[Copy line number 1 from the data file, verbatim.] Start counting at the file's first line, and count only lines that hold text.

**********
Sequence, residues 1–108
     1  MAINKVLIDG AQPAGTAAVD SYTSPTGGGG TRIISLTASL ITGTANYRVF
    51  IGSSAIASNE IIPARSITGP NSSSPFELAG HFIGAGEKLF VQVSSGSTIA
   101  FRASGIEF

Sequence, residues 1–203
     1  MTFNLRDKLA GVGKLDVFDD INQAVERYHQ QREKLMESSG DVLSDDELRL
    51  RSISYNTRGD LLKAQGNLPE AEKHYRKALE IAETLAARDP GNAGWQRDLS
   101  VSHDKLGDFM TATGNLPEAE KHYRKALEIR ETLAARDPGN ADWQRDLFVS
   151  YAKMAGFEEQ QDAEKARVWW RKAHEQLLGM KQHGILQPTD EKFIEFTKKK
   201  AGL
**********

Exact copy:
Sequence, residues 1–108